At Last: The Hideous Truth About Slavery

After my third visit to the slavery exhibit at the National Museum of African American History and Culture in D.C. recently, I was reminded of the horrendous brutality visited upon Africans by the then All-American institution of slavery.

I’ve read many books, seen the movies and attended lectures by, and studied with, African scholars. However, the Museum’s visual, written, and three-dimensional depictions resonated with me differently this time. I was touched, angry and upset.

From its outset, the Museum has given urgent voice and painful face to the 12.5 million Africans sent across the Atlantic, not to mention the 1.8 million who died in transit and were discarded overboard like waste.

Slavery exhibit at National Museum of African American History.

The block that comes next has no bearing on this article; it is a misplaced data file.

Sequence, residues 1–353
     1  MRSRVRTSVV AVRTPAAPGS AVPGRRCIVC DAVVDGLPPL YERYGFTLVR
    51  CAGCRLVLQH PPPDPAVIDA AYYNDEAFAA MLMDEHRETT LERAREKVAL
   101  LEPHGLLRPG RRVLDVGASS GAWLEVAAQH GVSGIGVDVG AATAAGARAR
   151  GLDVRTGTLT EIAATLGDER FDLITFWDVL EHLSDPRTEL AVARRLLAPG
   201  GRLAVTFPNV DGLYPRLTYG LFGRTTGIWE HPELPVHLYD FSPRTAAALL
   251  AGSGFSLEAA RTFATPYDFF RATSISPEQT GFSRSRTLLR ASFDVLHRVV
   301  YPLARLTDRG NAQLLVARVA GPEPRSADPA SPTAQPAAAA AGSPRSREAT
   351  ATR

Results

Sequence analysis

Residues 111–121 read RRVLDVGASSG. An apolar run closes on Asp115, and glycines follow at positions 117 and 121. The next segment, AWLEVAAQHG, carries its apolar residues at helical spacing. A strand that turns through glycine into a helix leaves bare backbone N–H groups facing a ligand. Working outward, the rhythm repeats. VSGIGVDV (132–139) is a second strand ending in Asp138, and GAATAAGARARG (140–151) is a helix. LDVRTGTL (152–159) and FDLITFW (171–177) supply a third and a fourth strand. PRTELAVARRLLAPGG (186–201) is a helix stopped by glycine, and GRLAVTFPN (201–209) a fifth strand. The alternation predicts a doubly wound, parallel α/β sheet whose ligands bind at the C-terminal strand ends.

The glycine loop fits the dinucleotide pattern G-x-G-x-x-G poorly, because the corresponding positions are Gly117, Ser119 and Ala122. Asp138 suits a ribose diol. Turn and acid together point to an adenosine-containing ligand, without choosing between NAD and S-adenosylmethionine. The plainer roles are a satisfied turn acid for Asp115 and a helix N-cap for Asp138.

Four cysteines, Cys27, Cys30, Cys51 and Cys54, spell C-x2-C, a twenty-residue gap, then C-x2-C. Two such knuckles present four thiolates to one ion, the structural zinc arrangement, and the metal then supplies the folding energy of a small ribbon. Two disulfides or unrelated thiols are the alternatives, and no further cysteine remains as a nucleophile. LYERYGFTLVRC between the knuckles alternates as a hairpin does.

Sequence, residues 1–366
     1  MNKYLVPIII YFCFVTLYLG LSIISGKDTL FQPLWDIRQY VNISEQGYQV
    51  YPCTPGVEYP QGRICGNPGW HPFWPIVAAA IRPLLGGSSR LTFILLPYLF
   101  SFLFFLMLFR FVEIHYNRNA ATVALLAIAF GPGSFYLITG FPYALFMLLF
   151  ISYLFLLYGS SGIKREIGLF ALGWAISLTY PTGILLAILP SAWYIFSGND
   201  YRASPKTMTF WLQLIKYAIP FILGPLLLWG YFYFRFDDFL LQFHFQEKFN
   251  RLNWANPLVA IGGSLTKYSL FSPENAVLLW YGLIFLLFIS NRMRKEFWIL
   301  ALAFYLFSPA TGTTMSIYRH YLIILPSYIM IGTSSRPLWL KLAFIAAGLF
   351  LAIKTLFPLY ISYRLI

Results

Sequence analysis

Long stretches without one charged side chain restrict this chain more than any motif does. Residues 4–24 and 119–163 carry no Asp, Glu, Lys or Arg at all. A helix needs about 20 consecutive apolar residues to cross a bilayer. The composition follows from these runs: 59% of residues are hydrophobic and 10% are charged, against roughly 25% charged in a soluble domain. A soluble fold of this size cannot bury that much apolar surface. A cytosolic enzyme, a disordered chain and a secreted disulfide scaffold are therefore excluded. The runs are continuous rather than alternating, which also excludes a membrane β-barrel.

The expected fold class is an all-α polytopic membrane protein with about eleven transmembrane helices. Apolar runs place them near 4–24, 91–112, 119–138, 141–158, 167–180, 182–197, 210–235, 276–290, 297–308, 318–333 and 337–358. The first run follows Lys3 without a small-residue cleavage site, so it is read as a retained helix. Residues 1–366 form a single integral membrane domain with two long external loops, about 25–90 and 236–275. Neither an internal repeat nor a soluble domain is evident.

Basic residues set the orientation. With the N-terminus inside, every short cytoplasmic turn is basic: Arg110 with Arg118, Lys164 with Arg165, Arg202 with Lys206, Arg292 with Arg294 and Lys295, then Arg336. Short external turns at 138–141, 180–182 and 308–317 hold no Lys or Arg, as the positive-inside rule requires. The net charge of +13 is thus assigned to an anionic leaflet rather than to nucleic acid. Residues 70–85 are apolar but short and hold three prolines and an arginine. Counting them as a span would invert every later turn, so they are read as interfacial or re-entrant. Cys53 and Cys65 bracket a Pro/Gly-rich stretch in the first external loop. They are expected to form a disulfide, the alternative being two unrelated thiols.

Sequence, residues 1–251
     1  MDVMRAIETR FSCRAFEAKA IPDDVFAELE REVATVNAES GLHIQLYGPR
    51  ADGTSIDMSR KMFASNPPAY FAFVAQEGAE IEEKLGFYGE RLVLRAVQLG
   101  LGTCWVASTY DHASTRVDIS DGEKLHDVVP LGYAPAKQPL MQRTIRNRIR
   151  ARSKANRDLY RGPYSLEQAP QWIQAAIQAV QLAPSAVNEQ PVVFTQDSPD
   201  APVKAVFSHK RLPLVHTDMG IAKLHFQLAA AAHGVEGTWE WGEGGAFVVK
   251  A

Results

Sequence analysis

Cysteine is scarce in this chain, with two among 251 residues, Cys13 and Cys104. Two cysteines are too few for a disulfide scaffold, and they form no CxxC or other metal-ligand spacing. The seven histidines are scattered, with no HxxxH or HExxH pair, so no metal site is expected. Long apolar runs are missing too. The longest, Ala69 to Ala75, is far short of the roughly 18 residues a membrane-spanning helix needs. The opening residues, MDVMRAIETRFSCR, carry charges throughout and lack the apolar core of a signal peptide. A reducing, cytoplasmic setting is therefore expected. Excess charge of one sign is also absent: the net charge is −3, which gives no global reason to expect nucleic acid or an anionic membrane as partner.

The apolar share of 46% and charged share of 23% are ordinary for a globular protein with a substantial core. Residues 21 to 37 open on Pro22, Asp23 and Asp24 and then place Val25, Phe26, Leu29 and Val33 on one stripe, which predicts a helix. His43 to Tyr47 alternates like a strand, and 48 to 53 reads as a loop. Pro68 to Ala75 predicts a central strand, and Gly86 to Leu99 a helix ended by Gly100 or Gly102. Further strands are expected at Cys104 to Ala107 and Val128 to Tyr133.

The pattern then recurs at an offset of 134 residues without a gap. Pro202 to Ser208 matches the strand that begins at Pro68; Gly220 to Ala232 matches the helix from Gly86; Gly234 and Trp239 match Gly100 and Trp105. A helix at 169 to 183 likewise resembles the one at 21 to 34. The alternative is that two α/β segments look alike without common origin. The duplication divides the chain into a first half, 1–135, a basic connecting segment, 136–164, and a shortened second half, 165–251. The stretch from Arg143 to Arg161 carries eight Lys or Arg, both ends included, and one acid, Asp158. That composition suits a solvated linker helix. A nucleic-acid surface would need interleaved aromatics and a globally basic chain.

A statue of pioneer Clara Brown, who was born a slave in Virginia around 1800, is on display at the National Museum of African American History and Culture in Washington, Wednesday, Sept. 14, 2016. Brown travelled to Colorado, after she was freed when her slaveowner died in 1856, where she established a successful laundry business. (Susan Walsh/AP)

What I wasn’t prepared for was the economic impact that slavery had on the emergence, survival and expansion of this nation. The Museum has upped the ante! By displaying the enormous role played by the cotton, rice and sugar industries, we begin to appreciate the fundamental role Black slavery played in the birth and development of these United States.